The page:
Featured in The Zebra
“Yes, You Can Speak with Confidence”
By Jason Linett, BCH, CI
All eyes are now on you. Your hands are shaking, your heart is racing, and you’re blanking on what to say next. Then suddenly the experience is over, and you can’t quite figure out how you got through it.
Perhaps the most common fear or apprehension people have is public speaking. Whether it’s work, personal, or a special event, people find themselves called upon to get up and speak and experience these symptoms.
I’ve worked with hundreds of clients helping them to relieve the fear of public speaking through the help of hypnosis, and here are several tips I’ve found to be highly effective in improving your upcoming speaking opportunity:Project Rapport. Have you ever been in a situation watching a speaker HOPING they would fail? Hopefully, it’s unlikely. We naturally find ourselves subconsciously “rooting for” a speaker when we’re in attendance. Consider the uncomfortable feeling you would have watching someone forget their words, break into a cold sweat, and blush with embarrassment. We would empathize with their discomfort.
Assume this rapport works in both directions. It’s a natural human experience; we want to move toward comfort and away from discomfort. The next time you have the opportunity to speak in public, allow yourself to step into the reality that people want you to succeed.
Move with Purpose. Excessive walking or pacing during a speech can be distracting and come across as nervousness. However, making use of movement with specific intentions can strengthen any speaking opportunity.
Here’s an example. Mentally map out of your space in which you will speak. Let’s say part of your talk involves a problem from the past and a solution for the future. Deliver the content about the problems in one specific area of your “stage,” and talk about solutions from another. We call this spatial anchoring. You’re connecting feelings with specific areas in space. Whether it’s a true science or not, you’ll have intention when walking into a new space, rather than meandering to another spot simply because “it feels like it’s time to move.” This applies to gesturing with the hands as well.
Find Your Best Strategies. Do you work best if you’ve scripted out every word? Are you better prepared with a simple outline? Do you rehearse best out loud or by mentally marking your talking points?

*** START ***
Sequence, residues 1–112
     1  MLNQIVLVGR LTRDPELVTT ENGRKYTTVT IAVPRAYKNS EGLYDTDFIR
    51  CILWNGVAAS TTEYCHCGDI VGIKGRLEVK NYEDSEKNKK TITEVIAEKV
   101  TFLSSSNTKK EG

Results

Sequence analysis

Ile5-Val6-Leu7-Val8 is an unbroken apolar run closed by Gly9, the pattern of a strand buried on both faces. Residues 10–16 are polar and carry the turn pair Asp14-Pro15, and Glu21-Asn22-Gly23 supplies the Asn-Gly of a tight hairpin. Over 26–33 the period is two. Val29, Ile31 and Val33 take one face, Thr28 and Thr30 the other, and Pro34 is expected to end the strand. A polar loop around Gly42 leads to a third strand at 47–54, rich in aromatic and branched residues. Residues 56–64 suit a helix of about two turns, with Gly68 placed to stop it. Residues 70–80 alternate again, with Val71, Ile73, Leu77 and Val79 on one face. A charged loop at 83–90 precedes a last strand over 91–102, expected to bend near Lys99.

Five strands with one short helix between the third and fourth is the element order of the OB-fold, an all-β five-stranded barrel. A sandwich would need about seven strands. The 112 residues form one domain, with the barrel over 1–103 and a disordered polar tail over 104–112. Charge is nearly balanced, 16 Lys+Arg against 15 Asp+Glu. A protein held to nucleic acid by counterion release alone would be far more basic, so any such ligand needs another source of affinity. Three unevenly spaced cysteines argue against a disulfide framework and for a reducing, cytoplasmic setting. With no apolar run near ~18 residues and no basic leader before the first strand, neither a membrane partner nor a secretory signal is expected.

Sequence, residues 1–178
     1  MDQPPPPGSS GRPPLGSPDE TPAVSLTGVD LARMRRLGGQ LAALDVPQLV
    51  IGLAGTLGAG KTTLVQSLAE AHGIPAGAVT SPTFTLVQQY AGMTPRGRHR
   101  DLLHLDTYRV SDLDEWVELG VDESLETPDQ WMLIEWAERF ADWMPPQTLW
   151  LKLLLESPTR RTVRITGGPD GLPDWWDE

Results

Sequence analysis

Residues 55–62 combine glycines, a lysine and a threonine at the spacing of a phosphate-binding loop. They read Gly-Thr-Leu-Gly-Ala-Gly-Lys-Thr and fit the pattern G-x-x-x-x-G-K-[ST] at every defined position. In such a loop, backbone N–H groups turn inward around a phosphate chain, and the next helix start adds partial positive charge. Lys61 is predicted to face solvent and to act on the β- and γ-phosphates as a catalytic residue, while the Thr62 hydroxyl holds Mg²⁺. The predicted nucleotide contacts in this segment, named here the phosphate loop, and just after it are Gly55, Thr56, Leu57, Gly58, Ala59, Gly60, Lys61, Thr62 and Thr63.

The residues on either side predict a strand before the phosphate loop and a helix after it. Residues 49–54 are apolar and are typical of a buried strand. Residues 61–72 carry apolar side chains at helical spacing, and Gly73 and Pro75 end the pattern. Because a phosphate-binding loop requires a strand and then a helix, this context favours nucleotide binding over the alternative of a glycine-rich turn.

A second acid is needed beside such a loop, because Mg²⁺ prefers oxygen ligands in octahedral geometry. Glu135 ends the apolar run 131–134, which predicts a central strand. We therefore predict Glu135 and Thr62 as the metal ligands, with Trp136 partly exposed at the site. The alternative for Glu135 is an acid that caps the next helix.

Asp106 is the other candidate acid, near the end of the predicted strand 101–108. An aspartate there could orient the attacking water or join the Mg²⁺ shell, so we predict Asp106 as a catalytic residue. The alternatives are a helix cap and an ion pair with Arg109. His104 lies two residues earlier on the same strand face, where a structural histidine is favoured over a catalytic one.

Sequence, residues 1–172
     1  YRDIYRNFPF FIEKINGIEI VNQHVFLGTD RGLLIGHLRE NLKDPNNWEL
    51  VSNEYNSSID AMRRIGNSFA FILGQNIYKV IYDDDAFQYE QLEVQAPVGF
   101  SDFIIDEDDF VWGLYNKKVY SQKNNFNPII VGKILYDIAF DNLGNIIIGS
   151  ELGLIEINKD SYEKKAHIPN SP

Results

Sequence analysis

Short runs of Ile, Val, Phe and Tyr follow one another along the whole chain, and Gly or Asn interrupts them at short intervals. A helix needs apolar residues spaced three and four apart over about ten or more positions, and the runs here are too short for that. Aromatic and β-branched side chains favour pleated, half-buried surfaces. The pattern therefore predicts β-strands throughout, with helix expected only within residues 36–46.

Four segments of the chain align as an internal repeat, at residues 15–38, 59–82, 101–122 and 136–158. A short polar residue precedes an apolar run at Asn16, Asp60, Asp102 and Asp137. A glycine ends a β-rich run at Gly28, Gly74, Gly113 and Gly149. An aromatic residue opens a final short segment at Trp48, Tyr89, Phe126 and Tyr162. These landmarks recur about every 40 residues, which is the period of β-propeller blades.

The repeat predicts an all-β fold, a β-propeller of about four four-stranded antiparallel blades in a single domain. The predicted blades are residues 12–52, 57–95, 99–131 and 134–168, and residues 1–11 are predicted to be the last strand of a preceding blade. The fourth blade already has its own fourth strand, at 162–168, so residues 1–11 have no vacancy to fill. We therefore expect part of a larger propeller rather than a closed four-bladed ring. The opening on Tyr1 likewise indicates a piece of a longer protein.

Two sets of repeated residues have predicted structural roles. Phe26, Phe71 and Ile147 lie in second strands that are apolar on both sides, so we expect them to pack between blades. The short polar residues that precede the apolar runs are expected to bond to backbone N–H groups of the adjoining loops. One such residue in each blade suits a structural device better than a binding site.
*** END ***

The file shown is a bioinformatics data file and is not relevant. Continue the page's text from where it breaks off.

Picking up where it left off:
There are many other considerations to take. Are you comfortable with humor? Is it even appropriate? This is where practice and experience will train you the fastest.
Model Excellence. In addition to preparing your content, spend some time listening to or watching good speakers. Possible resources can range from politicians to online TED talks or even comedians. What are you drawn to, and what mannerisms seem a natural fit with you? Exercise a bit of creative visualization while watching the pros. Imagine it’s as if you’re the one up there creating the same reactions, interest, and enthusiasm from the audience.
Consider even celebrities for your visual or personality doppelganger. Who is out there that is “just like you,” and you can borrow from their skills? You should always be yourself, but if you don’t feel like you have the natural resources to effectively deliver a speech, there’s no harm in harnessing someone else’s resources as if they were your own.
Release the Past. Allow every new experience to be a new experience. If you forgot your place in a talk one time, allow yourself to fully understand that you lost your place in a talk that ONE time. If visions of Mrs.Horton’s first grade spelling bee are haunting you each time you’re asked to speak at work, it’s time to work on letting it go.
Talk it through to a friend. Visualize the experience as it were an old black-and-white silent movie. Consider using Hypnosis. Spend a few moments mindfully relaxing yourself before speaking. When our mind is focused on the present moment, stress and worry cannot exist.
As a final thought, remember that we all start somewhere. Public speaking is simply the act of speaking in public. It’s a skill that we work towards improving each and every time we have the opportunity. Allow every step forward to be a step forward.
Jason Linett is a Board Certified Hypnotist and the Director of Virginia Hypnosis, a solution-oriented hypnosis practice in Alexandria, Virginia. For more information, visit www.VirginiaHypnosis.com or call (703) 341-6655 for a free confidential consultation.
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